That technology, called ROVER (Remotely Operated Video Enhanced Receiver), allows troops on the ground to share video with pilots in attack aircraft so they both see the target simultaneously, said Lt. Col. Greg Harbin, one of the lead officers on the Air Force ROVER program. He plans to deliver 50 systems to coalition forces in Afghanistan in March.

Along with increasing the effectiveness of airstrikes, the systems will reduce the number of "friendly fire" incidents that have strained relations between U.S. and allied militaries, Harbin said.

Defense Secretary Robert Gates said NATO allies agreed Thursday on an Afghan strategy that includes fighting the Taliban, developing the government and economy and training and equipping the Afghan army.

The Taliban gains strength each spring, Gates said. The fundamentalist Islamic movement ran Afghanistan until it was ousted by U.S. and allied forces in October 2001.

"It's important we knock that back," Gates said of the Taliban's resurgence. He spoke to reporters after meeting in Seville with defense ministers from NATO countries.

Last month, President Bush asked Congress to spend $10 billion in Afghanistan over the next two years — $8 billion to train and equip Afghan security forces and $2 billion to fund reconstruction projects. The Pentagon also announced Jan. 25 that 3,200 U.S. soldiers with the 10th Mountain Division will stay in Afghanistan four more months to bolster the force there.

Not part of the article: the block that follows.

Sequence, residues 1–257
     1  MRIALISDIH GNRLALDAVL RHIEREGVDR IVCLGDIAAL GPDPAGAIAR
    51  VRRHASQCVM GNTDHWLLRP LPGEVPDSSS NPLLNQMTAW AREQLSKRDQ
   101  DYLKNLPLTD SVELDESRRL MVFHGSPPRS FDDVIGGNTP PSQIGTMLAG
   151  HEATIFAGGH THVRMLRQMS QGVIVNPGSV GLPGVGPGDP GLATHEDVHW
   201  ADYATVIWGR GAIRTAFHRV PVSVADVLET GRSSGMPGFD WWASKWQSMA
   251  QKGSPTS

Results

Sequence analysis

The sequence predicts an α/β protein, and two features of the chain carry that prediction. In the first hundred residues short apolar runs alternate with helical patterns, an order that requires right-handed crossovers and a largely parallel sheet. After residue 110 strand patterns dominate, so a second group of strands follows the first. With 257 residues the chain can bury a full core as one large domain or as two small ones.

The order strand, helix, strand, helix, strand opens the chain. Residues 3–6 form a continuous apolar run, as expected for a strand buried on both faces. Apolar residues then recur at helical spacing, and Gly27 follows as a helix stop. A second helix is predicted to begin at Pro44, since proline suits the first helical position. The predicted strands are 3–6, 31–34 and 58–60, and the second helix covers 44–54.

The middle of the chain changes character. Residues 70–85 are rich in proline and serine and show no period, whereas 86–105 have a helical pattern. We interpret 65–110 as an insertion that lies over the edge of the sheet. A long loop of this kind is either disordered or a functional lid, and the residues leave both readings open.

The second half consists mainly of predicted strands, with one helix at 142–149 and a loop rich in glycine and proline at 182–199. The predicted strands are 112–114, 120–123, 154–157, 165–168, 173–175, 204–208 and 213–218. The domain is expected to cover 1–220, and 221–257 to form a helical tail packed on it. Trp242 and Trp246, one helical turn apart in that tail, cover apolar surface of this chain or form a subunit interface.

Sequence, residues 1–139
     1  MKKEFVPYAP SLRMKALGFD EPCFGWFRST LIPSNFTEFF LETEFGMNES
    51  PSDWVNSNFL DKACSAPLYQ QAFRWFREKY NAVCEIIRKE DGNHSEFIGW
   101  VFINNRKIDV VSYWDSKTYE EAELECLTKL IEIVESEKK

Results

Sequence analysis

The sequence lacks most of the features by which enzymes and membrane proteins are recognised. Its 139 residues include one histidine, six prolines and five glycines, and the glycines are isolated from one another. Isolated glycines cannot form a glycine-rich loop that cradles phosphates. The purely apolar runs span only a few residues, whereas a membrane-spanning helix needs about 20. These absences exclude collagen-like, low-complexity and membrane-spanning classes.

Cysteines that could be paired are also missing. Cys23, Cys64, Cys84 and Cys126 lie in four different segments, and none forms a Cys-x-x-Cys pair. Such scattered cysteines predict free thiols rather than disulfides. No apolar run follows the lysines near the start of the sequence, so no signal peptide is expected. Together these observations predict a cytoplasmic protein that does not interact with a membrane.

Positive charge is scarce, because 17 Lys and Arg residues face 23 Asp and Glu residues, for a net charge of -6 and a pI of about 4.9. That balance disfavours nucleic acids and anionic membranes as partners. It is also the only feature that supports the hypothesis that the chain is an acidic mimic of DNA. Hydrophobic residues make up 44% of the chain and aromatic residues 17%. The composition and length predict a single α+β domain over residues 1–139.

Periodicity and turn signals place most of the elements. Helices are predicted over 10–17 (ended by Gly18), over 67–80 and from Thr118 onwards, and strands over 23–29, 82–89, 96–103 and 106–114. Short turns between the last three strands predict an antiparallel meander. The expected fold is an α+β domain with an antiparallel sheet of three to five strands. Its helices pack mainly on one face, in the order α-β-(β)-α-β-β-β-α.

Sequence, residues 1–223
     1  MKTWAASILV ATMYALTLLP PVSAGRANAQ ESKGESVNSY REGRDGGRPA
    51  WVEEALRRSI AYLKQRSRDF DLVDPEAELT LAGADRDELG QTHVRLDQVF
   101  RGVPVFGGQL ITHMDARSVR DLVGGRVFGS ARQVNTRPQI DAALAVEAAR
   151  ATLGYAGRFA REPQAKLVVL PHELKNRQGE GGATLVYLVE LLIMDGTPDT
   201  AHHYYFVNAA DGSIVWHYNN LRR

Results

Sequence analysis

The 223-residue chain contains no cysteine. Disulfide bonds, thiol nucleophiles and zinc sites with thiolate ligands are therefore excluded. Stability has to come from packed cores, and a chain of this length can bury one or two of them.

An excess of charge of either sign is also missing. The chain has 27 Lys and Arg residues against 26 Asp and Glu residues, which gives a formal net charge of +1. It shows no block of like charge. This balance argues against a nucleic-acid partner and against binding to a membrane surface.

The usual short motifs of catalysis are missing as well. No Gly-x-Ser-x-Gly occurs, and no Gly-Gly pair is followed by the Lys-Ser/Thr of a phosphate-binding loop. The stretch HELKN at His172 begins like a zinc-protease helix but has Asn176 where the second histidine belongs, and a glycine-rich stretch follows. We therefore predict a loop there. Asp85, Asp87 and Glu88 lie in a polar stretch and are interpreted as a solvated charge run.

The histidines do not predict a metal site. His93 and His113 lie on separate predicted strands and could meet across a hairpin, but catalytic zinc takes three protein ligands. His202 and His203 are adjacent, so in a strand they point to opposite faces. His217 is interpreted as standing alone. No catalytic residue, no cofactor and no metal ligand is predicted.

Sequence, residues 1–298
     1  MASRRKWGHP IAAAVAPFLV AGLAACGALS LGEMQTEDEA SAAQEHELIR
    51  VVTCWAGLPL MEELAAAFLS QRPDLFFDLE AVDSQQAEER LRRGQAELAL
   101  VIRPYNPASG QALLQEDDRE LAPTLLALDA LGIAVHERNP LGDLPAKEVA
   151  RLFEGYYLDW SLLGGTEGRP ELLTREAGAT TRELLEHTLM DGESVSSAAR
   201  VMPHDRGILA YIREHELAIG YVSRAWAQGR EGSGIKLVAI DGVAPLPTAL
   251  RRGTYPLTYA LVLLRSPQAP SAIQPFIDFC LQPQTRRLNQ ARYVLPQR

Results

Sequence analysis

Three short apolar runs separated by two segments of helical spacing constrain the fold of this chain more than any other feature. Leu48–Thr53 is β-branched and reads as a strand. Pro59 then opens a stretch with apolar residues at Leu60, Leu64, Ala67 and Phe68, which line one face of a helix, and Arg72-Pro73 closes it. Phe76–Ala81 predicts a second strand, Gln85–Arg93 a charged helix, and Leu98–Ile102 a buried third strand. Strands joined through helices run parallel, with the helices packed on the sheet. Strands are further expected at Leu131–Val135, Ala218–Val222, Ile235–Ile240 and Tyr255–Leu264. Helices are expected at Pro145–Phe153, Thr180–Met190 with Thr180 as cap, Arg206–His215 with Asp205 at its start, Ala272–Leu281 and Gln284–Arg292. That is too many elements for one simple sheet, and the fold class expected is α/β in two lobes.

There are about 21,000 U.S. troops in Afghanistan: 13,000 of them work with NATO troops in the International Security Assistance Force; 8,000 train Afghan troops and mount counterterrorist operations.

Two NATO nations, Denmark and Lithuania, agreed Thursday to bolster their small contingents in Afghanistan.

Franz-Josef Jung, Germany's defense minister, questioned the need to send more troops to Afghanistan.

"I do not think it is right to talk about more and more military means," Jung said. "When the Russians were in Afghanistan, they had 100,000 troops and didn't win."

Gates said some NATO nations lifted restrictions on how and where their troops are used. He did not provide specifics on the restrictions, also called caveats.

The caveats placed on allied troops have stymied U.S. efforts to counter the Taliban insurgency. Some restrictions involve a refusal to fight in bad weather or in certain parts of the country, said a November report by the Congressional Research Service (CRS).